The G20 Pure’s outputs and claimed fuel economy stack up well against rivals. The i30 has similar power and torque (120kW/203Nm) but worse fuel economy (7.4L/100km); likewise the Cerato (112kW/192Nm and 7.4L/100km).
The Corolla has it beat – just – with 126kW and 203Nm. Its combined cycle fuel economy is 6L/100km, but Toyota offers a fuel-sipping hybrid version that soundly beats the Mazda in economy.
The Mazda 3 is noisy on startup, but it quietens quickly and its engine note is hardly objectionable when you’re on the go.
It can sound a bit gruff when idling, however, but idle stop/start will activate if you press the brake pedal firmly. The stop/start system also engages smoothly.
There’s a bit of tyre roar at highway speeds on coarse-chip surfaces, but otherwise the cabin is quite well-insulated from the outside world.
As expected for the zoom-zoom brand, Mazda has gone for a sporty feel with the 3’s dynamics.
The steering is a bit heavy at low speeds, perhaps a touch too heavy for a mainstream small hatch. The flipside to that is the steering is weighty and communicative when you’re on the move, and that gives the Mazda 3 a dynamic feel.
The Mazda 3 feels nicely tied down on a winding road, with minimal body roll and sharp turn-in.
The ride is firm without being harsh, but – perhaps due to the torsion-beam rear suspension – the Mazda 3’s rear feels a bit fidgety, even on smoother surfaces.
Some things like recessed manhole covers and larger ruts also aren’t absorbed as well as expected, and the rear does clomp a bit. Overall, it’s not overtly stiff but it needs some finessing.
The 2.0-litre seems a little lackadaisical at first, but I warmed to it over time. The six-speed auto doesn’t have the smoothest shifts but it generally makes the most of the engine.
However, I would find myself flicking it to Sport mode to make gaps in traffic; you can also manually shift, though there are no paddles in the G20 Pure.
Despite the mechanical changes made to the 2.0-litre, the base engine doesn’t feel particularly different in operation.
Would the Mazda 3 be more entertaining with a six-speed manual, or a more powerful engine? Yes, though you can’t get the former anymore in Australia and the latter costs more. For a base engine, the 2.0-litre is a decent mill.
The base G20 Pure is quite well-equipped for an entry-level small car.
Standard equipment includes:
- 16-inch silver alloy wheels
- Automatic LED headlights
- Halogen daytime running lights
- Automatic high-beam
- Rain-sensing wipers
- Power-folding side mirrors
- 7.0-inch instrument cluster screen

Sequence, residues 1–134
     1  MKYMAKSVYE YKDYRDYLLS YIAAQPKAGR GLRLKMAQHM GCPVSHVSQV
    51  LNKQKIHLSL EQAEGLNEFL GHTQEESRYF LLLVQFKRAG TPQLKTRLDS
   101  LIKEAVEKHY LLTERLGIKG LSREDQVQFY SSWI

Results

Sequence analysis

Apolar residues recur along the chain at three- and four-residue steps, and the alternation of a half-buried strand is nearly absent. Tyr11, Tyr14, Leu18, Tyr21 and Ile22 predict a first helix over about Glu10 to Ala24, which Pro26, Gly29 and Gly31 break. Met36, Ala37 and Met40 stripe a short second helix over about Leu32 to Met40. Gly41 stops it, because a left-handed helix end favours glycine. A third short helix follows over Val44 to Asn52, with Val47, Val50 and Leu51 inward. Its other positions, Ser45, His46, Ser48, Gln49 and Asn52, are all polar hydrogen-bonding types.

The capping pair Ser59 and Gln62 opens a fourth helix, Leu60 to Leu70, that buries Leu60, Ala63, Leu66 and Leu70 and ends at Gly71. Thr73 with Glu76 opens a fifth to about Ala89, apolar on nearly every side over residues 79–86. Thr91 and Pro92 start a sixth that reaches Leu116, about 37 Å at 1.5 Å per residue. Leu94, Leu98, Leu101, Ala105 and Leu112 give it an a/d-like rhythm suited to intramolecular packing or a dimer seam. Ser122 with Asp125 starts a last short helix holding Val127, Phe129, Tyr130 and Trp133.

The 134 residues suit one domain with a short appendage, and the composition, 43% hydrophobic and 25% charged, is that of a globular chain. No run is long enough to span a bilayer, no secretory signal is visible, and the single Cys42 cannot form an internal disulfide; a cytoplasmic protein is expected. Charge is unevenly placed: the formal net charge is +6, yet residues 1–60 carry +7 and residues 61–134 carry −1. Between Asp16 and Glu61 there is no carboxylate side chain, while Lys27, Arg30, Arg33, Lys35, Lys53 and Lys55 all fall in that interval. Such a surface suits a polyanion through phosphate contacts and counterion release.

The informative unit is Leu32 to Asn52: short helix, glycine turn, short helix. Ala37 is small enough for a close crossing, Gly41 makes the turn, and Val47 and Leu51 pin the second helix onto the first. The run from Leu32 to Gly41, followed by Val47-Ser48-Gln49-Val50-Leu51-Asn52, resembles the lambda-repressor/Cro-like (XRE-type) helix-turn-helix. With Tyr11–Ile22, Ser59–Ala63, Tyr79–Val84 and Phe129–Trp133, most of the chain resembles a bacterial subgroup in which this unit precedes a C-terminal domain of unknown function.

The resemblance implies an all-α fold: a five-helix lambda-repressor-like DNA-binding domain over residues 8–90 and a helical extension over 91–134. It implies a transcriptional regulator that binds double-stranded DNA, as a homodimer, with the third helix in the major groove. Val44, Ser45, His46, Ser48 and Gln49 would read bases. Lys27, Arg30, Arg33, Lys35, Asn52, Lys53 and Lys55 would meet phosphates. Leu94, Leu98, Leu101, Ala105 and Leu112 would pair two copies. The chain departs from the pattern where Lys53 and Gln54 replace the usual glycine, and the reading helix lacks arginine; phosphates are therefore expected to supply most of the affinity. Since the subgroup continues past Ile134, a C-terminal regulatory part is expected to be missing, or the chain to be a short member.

- 8.8-inch Mazda Connect infotainment system
- Wired Apple CarPlay, Android Auto
- DAB+ digital radio
- Satellite navigation
- 8-speaker sound system
- Push-button start
- Electric park brake
- Leather-wrapped gear shifter
- Leather-wrapped steering wheel
- Black cloth upholstery
A revised Vision Technology Package, now priced at $2000, includes a 10.25-inch infotainment screen with touch functionality for the wireless Android Auto and Apple CarPlay.
It also includes a range of features typically hard to find at this price point, such as:
- Surround-view camera
- Cruising & Traffic Support
- Driver attention monitoring
- Front cross-traffic alert
- Front parking sensors
Even without this package, which wasn’t on our test car, the list of standard kit stacks up fairly well against rivals.
The i30 Elite is the value play at this price point, including leather upholstery, dual-zone climate control, proximity entry, lane centring and a wireless charging pad, although no LED headlights. But, Hyundai is pausing orders ahead of the arrival of a European-sourced model that will use a different powertrain and likely come at a higher price.
The Mazda 3 has a five-star ANCAP safety rating from 2019, with scores of 98 per cent in adult occupant protection, 89 per cent in child occupant protection, 81 per cent in vulnerable road user protection, and 76 per cent in safety assist.
All 3 models come standard with the following safety features:
- Autonomous emergency braking (forward, reverse)
- Lane departure warning
- Lane keep assist
- Blind-spot monitoring
- Rear cross-traffic alert
- Traffic sign recognition
- Adaptive cruise control with stop/go
- Reversing camera
- Rear parking sensors
- Tyre pressure monitoring
- Front, front-side and curtain airbags
- Driver’s knee airbag
The Mazda 3 is backed by a five-year, unlimited-kilometre warranty.
Mazda has extended its servicing intervals to 12 months or 15,000km, and offers capped-price servicing for the first seven years or 105,000km. These services are capped at $334, $530, $414, $530, $334, $609 and $334, respectively, or $3085 over seven years.
Toyota offers more affordable capped-price services, but fewer of them; the Corolla’s first five services are capped at $245 each.
Hyundai offers more capped-price services and costs less over a seven-year period ($2409), while Kia matches the Mazda’s seven years but costs fractionally less ($2957).
Like Toyota with its latest Corolla Hatch, Mazda has made some compromises with the 3 that seem destined to steer buyers towards more practical crossovers in their range.
Rear-seat accommodation and boot space is better than the Toyota, mind you, but far from class-leading. The firm ride and somewhat heavy steering makes the 3 less commuter-friendly than it could be, even if it makes it a more engaging steer.
But the Mazda 3 has a distinctive (if polarising) shape, while those sitting up front will enjoy the nicest cockpit in this segment. The list of standard equipment is solid, and the optional Vision Technology package adds a lot of worthwhile inclusions that are hard to find at this end of the market.
If you’re not married to the idea of buying a hatchback, we’d steer you towards the classy sedan which has a more inviting back seat. The CX-30 can also be had for not much more money, but if you’re not using it as a family vehicle, the Mazda 3 hatch remains an impressive package even in base trim.